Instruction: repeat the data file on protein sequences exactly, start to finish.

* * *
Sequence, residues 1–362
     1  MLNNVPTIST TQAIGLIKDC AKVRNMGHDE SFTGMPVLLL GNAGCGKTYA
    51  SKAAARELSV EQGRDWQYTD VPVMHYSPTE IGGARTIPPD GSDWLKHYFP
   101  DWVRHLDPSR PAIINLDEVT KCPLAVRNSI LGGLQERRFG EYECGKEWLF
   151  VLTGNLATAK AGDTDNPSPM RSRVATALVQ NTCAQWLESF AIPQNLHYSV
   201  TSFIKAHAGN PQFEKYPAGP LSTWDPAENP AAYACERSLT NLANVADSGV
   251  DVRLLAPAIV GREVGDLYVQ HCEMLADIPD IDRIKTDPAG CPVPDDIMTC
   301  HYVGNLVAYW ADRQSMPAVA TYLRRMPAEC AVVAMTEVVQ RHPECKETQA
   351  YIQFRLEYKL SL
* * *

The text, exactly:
Sequence, residues 1–362
     1  MLNNVPTIST TQAIGLIKDC AKVRNMGHDE SFTGMPVLLL GNAGCGKTYA
    51  SKAAARELSV EQGRDWQYTD VPVMHYSPTE IGGARTIPPD GSDWLKHYFP
   101  DWVRHLDPSR PAIINLDEVT KCPLAVRNSI LGGLQERRFG EYECGKEWLF
   151  VLTGNLATAK AGDTDNPSPM RSRVATALVQ NTCAQWLESF AIPQNLHYSV
   201  TSFIKAHAGN PQFEKYPAGP LSTWDPAENP AAYACERSLT NLANVADSGV
   251  DVRLLAPAIV GREVGDLYVQ HCEMLADIPD IDRIKTDPAG CPVPDDIMTC
   301  HYVGNLVAYW ADRQSMPAVA TYLRRMPAEC AVVAMTEVVQ RHPECKETQA
   351  YIQFRLEYKL SL